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Madison Hewlett, Teen Miss Kentucky 2019, is using her platform to encourage pet adoption.

Madison Hewlett didn't even have an interest in pageants when her mother, Hollie Mitchell, talked her into participating. The Carter County Fair had already come and gone, and it was the weekend of the Greenup County Fair – Hewlett's mother is originally from Worthington – when the Grayson teen reluctantly agreed to enter the pageant there.

“It was her first pageant since she was probably four,” Mitchell said of her daughter.

Not only did Hewlett win the title of Teen Miss Greenup County, she went on to win the Teen Miss Kentucky title in the Miss US pageantry series. Now she's using that platform to advocate for a cause that's near to her heart, the adoption of shelter animals.

She started with a visit to the Carter County Animal Shelter, and had to resist the temptation to bring home another dog, but since has been advocating over social media for folks to support the shelter with food and other donations.

“They need things like can dog food, dry dog food, puppy food, leashes, rubber dog toys – for sanitary purposes, and Kuranda beds.”

She noted that those who wished to donate a bed can visit shelterbeds.org and entering the Carter County Shelter into the recipient field.

The shelter also needs cleaning and sanitizing supplies, to help keep the shelter clean and prevent the spread of disease and illness among animals.

“The shelter was a very clean and sanitary place, and the dogs were well taken care of,” she said of her visit, but the shelter can't keep them forever.

Ultimately, she wants more of those abandoned pets to find their forever homes, and to curb the flow of pets into shelters by discouraging folks from purchasing pets they might not be ready for.

The home-schooled teen has seen first hand the terrible living conditions of popular breeds raised in puppy mills during trips with her parents. Sadder still, she said, are those pets that are purchased from those terrible conditions only to then be abandoned when the breed ends up being more work than a family intends, or otherwise an unsuitable fit for their lifestyle.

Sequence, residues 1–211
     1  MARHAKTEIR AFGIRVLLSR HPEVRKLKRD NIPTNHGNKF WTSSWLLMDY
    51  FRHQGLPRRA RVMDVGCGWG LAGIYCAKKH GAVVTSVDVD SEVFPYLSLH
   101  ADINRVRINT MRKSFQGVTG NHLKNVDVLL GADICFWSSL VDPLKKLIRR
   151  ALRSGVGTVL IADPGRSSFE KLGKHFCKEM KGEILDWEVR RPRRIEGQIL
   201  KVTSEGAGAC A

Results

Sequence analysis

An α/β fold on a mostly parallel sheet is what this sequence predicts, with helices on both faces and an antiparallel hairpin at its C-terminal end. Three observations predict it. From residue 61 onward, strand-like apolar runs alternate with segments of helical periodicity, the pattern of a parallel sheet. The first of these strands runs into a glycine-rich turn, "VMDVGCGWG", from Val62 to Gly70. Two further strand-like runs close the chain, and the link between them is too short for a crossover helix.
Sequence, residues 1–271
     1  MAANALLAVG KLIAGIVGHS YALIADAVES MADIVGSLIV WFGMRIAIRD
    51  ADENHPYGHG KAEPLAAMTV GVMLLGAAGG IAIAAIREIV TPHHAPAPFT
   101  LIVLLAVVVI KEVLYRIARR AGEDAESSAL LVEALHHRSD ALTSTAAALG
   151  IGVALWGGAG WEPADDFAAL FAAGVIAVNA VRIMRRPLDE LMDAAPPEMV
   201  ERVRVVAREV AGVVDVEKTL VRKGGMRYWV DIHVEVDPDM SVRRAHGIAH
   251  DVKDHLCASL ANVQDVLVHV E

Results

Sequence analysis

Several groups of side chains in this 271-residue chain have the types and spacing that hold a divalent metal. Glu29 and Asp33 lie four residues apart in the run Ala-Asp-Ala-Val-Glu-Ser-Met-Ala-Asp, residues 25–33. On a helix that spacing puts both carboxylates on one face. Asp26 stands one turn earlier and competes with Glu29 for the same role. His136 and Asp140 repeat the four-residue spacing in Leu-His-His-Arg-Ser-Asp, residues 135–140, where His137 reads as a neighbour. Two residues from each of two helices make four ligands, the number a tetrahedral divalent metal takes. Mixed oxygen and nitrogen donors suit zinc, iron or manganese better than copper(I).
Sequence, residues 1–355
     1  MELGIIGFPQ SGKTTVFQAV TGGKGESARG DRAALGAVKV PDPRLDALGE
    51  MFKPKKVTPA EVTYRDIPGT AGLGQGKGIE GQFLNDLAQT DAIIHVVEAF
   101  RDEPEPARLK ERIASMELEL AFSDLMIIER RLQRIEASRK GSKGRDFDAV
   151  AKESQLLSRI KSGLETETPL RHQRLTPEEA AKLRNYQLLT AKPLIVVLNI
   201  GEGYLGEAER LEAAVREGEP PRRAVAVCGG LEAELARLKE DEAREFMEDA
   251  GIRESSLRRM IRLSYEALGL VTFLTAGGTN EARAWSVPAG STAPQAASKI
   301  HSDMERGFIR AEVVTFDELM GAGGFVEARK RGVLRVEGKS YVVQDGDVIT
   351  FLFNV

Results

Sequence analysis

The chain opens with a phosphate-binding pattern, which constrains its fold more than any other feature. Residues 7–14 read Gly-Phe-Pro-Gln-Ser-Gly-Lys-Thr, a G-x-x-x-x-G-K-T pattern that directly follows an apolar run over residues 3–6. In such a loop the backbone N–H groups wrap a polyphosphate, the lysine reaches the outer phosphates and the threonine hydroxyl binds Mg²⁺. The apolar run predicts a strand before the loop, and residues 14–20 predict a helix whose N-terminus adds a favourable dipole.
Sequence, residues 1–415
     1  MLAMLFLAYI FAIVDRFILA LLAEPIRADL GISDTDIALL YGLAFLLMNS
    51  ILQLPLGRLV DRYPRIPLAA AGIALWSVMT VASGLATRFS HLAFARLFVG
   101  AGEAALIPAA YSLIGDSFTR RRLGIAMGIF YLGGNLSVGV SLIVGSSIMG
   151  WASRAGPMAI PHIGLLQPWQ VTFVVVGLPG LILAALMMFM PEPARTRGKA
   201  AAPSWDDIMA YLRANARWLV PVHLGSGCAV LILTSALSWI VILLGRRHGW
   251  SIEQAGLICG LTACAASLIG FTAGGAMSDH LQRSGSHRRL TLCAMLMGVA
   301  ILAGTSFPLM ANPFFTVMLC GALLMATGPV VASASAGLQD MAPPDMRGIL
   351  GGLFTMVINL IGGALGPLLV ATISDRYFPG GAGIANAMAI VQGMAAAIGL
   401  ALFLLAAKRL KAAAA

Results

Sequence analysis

Shelter animals on the other hand, she explained, not only need homes but also already have a developed personality that the shelter can highlight to help match them with an appropriate family. The Carter County Shelter, she said, is doing a good job of encouraging those kinds of matches.

“They are a no-kill shelter, that works with other no-kill organizations,” she said, noting that this was an important factor for her as well in supporting the shelter. “(They also) encourage you to put lots of thought into becoming a 'furever' home... and encourage you to spay and neuter your pet.”

Hewlett said she will continue to advocate for pet adoption in her role as Teen Miss KY and beyond. Someday, she said, she would like to work with animals, possibly as a veterinarian or vet tech.

That doesn't surprise her mother, who said that she's almost like a fairy tale princess when it comes to how animals react to her.

“They're just drawn to her,” Mitchell said, and the feeling is obviously mutual.

The shelter, Hewlett said, has donations accounts set up with both Bluegrass Animal Clinic and All Creatures Veterinary Care, for those who wish to donate cash for the shelter's needs.

“Just contact one of those two vets and tell them who it's for,” she said.

Contact the writer at jwells@journal-times.com.

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